, and this report). All three studies reported that they are expressed at low levels in freshly isolated cells from thymus, LNs, spleen, and lung. In our studies, high levels of ABCD-1 mRNA expression were only seen in DC and activated B lymphocytes, and we have shown that MDC/STCP-1 is expressed by activated human B cells. Hence, the patterns of expression are consistent in mouse and human cells. Further evidence for the close relationship between mouse ABCD-1 and human MDC comes from hybridization experiments with mouse and human probes under low or high stringency, suggesting that in human anti-CD40 plus IL-4–stimulated B cells, the sequences most similar to mouse ABCD-1 are those encoded by MDC/STCP-1 (Fig. D
Finally, the chemotactic properties are similar. Activated mouse T cells of the CD8+ as well as CD4+ phenotype are the best chemoattracted cell populations. Activated human T cells are also chemoattracted by the mouse chemokine (Fig. D). It is generally accepted that stimulation of anti-CD3/anti-CD28–activated CD4+ human T cells by IL-12 plus anti–IL-4 generates Th1-like cells, whereas stimulation with IL-4 plus anti–IL-12 develops Th2-like cells. Our results show that the murine chemokine ABCD-1 acts on both types of Th cells. These results suggest a close relationship between the mouse and the human chemokine. Its role appears to be to attract activated T cells to DC and activated B cells, but not to polarize them or select helper or killer T cell subpopulations.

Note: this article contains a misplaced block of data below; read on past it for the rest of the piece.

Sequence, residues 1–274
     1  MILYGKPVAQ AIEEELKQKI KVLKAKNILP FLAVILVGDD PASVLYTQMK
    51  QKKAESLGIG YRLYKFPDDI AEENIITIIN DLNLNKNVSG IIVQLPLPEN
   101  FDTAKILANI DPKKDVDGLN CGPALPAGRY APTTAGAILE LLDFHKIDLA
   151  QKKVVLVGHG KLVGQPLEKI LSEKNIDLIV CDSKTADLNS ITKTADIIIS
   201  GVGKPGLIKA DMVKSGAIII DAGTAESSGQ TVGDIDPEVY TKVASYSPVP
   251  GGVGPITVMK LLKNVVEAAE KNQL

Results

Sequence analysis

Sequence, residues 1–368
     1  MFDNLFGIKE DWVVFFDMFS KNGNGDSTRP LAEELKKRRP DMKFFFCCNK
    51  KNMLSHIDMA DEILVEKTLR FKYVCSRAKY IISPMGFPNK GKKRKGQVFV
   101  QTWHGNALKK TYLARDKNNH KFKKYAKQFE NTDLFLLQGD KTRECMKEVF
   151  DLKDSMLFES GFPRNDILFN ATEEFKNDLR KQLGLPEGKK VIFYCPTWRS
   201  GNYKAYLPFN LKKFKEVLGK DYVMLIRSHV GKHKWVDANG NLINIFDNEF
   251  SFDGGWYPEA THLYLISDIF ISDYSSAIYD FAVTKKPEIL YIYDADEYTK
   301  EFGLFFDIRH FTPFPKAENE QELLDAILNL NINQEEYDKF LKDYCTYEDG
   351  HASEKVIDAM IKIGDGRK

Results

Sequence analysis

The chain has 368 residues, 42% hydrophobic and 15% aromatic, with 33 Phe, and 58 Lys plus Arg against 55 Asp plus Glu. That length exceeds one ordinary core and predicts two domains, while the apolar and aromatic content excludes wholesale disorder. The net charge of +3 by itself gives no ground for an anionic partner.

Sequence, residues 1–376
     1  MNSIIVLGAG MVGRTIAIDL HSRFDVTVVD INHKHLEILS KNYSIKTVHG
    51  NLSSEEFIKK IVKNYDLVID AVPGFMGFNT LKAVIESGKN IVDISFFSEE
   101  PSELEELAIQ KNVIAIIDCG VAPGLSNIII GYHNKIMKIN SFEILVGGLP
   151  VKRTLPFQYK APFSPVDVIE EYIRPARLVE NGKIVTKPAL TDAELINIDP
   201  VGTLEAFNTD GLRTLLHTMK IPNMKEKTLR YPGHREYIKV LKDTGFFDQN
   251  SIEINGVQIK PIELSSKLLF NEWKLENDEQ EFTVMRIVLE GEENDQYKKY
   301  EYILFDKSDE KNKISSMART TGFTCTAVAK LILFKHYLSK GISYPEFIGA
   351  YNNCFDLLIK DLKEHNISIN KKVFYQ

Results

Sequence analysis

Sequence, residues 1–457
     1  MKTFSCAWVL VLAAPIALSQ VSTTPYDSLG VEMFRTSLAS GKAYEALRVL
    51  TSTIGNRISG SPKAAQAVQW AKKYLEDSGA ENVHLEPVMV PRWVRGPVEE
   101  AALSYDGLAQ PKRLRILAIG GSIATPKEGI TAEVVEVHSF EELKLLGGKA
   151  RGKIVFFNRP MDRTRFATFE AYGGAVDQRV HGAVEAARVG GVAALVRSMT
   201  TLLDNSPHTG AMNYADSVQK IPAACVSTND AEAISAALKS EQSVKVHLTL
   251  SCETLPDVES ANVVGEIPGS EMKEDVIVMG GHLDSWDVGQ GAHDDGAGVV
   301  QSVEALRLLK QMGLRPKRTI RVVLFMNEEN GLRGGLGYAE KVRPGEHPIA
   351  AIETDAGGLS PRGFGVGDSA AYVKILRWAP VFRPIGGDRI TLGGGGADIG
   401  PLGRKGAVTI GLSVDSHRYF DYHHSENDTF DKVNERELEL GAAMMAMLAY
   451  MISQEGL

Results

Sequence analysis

Other than a low level production of the MIP-1α and -3α chemokines in some malignant B cell lines (63
), expression of chemokines by normal B cells has not previously been described. Our discovery that ABCD-1 and MDC/STCP-1 are produced by mouse and human activated B cells, respectively, provides a missing link in a scenario that attempts to describe the T cell–dependent activation of B cells and the formation of germinal centers. In such a scenario, foreign antigen is first taken up and processed by immature DC, e.g., Langerhans cells in the epidermis. Inflammatory stimuli lead to activation and differentiation of these immature DC to mature professional antigen-presenting DC (65
), which migrate into the spleen and into regional LNs. Antigen-presenting mature DC could do three things. First, they could attract naive T cells by the production of the DC-CK-1 chemokine (25
). Second, they could present antigen in the context of MHC molecules and thus activate the T cells. Third, the production of ABCD-1 by the DC would then keep the T cells attracted to the DC and continuously activated. This is all likely to occur in or near the T cell–rich regions, e.g., in or near the periarteriolar lymphocyte sheath of the spleen. As a result, a focus of antigen-activated T cells could be formed around the ABCD-1–producing antigen-presenting DC.